Then the tech savvy guys? They already have an htpc and are more than willing to play around to get it right, using xbmc or some such...
  • bji - Monday, November 29, 2010 - link

    Sony consistently makes the worst remote controls of any major consumer electronics manufacturer. It's likey they don't employ even a single user interface person to help design these devices, they just either rely on out-of-touch engineers or dumb marketing people to design their remotes.

    The ultimate example was the Playstation 2 remote. It was a grid of buttons with the DVD controls (ffwd, play, rewind, etc) placed fairly randomly and with no tactile distinction whatsoever between the keys. So totally lame.

    Ever since the Playstation 2 remote I've been paying attention to Sony's designs and every time I see a Sony remote I am reminded that they still have the suckiest remote designers.
  • nutmac - Monday, November 29, 2010 - link

    I would love expand HQV 2.0 benchmark comparison against popular players, such as PS3.
  • babgvant - Monday, November 29, 2010 - link

    That's a great point; I've never seen a media centric review of the PS3. As hard as it gets pushed as the ultimate BD player, it would be really interesting to actually test that.
  • Voldenuit - Tuesday, November 30, 2010 - link


    while I found your review well-written and informative, I can't help but feel that you were a little too lenient with it in your final thoughts.

    A google device that has no universal search? Fail.
    A media streamer that has no worthwhile codec and container support? Fail.
    A remote that is unusable by anyone without an IT degree? Fail.
    A consumer device that you have to press Ctrl-Alt-Del to reboot when it hangs? WTF?

    At the $300 asking price with the level of functionality and robustness out-of-the-box, the NSZGT1 deserves to be publicly lambasted, if not downright ridiculed.

    Even Apple's RDF wouldn't be able to disguise this Thanksgiving turkey.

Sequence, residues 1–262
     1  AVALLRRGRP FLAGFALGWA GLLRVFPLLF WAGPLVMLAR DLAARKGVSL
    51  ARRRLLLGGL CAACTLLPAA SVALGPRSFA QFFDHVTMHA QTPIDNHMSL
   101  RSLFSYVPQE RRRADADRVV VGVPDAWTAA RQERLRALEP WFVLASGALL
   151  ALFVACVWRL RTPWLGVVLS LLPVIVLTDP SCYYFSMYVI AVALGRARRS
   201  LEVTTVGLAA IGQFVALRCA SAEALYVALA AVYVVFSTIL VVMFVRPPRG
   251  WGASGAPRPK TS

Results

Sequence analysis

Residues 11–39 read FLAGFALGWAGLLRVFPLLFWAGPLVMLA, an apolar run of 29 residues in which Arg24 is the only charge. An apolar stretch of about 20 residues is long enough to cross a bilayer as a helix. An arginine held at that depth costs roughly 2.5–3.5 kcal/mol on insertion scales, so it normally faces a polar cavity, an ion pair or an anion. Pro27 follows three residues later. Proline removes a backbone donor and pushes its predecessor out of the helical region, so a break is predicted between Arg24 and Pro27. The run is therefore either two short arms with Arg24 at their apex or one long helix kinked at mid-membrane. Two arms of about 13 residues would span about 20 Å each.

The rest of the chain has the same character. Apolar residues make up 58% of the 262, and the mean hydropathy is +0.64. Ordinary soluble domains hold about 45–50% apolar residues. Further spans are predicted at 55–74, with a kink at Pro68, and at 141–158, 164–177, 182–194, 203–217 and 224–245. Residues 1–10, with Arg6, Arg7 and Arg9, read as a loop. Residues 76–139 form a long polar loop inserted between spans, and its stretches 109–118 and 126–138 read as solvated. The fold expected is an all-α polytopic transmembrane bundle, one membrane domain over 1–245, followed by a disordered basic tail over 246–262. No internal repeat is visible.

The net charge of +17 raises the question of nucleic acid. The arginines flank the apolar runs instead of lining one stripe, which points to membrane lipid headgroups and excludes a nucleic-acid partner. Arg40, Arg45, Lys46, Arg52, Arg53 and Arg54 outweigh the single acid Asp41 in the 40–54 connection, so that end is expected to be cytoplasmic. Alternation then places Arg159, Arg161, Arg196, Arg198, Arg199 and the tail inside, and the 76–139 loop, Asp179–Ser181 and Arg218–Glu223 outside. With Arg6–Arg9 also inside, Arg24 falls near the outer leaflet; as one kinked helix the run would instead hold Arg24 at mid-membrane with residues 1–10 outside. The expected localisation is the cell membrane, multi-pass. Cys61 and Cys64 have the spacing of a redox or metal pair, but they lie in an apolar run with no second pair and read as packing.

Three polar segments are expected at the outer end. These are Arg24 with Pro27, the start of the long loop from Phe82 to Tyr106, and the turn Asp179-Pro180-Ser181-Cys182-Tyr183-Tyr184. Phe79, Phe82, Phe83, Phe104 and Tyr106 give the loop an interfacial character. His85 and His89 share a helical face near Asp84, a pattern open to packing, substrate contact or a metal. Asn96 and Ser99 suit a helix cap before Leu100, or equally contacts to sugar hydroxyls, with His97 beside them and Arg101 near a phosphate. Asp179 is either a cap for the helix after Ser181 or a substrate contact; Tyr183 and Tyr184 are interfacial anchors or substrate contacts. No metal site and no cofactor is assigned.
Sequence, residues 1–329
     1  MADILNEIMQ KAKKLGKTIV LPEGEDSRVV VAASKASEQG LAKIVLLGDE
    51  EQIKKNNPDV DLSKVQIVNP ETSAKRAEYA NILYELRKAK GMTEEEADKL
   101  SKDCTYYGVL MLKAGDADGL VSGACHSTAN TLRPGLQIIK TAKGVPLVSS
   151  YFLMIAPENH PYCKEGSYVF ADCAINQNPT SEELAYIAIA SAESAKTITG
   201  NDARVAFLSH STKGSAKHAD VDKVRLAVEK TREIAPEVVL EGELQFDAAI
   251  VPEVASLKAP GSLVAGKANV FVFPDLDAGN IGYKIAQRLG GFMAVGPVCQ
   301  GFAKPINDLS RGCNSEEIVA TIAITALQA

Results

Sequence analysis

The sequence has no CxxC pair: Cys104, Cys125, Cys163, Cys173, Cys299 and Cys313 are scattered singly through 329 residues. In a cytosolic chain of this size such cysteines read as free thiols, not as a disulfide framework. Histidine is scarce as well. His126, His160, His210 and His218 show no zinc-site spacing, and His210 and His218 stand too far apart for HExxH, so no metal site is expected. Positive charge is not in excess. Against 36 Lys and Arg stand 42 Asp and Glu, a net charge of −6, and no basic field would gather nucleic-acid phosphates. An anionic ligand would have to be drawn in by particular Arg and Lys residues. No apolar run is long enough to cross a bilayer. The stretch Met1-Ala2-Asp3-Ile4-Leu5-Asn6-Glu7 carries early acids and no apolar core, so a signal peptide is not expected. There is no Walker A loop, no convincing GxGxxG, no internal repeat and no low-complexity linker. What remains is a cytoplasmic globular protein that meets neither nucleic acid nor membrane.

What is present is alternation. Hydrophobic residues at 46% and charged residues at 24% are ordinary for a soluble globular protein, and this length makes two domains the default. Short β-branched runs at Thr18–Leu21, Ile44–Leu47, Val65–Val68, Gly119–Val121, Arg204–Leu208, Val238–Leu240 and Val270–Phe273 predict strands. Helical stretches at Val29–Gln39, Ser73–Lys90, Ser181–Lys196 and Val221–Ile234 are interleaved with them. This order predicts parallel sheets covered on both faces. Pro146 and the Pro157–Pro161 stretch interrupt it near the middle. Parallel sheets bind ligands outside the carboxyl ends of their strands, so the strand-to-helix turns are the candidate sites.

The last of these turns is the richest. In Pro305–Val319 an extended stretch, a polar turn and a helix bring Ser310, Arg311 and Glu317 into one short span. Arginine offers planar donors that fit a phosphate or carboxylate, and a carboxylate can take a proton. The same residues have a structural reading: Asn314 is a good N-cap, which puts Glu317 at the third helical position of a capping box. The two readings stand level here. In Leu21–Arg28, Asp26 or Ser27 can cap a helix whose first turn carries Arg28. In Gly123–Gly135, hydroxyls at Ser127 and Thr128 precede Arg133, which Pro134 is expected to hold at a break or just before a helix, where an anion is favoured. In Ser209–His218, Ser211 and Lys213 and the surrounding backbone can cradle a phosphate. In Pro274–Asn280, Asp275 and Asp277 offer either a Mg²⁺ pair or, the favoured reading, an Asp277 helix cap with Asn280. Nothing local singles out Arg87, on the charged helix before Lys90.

Also, any chance AT will revisit the Boxee Box with the revised firmware?
  • ganeshts - Tuesday, November 30, 2010 - link

    Andy will respond to your comments on his leniency towards the NSZ-GT1 :)

    We will take a look at Boxee Box again as soon as TrueHD bitstreaming is enabled or December 15th, whichever is earlier.
  • babgvant - Tuesday, November 30, 2010 - link

    GTV is a CE device targeted at mainstream users, so the abysmal container support is forgivable; otherwise, those are all valid points. That said, I think the platform's potential outweighs the teething issues; so while the current implementation is clearly unfinished, and I worry that Google doesn't understand the difference b/w the TV and mobile user experience, it is still too early to get out the pitchforks and torches. Six months from now will be another story.

    IMO the current MSRP for this player is too high (Sony even dropped the price $100 a few days ago, so they must also recognize this); it's crazy that we can buy a better BD player (faster, quieter, more power efficient and has 3D) from Sony for $140 less. Between us, unless the apps platform gets exponentially better real soon I think they will need to knock another $100 off the top to be competitive in the mainstream. I could have made that clearer in the FT.
  • Aloonatic - Wednesday, December 1, 2010 - link

    Grrr, lost my comment with FireFox crashing, so my reply in brief...

    Re: $300 - This is a BluRay player too, let's not forget.

    Then the rest of my rambling comment was mostly a complaint about Sony controllers, when they will invest in people to sort out this problem? They haven't produced a good controller/remote since the original PS controller, and that was a less than subtle copy of the SNES controller (and they are just copying Nintendo again with Move) which was OK at the time, but now is very old and tired but still they persist with it with the PS3?!?! Sort it out Sony! It's not like you are a corner/cost cutting budget brand for Jebus' sake!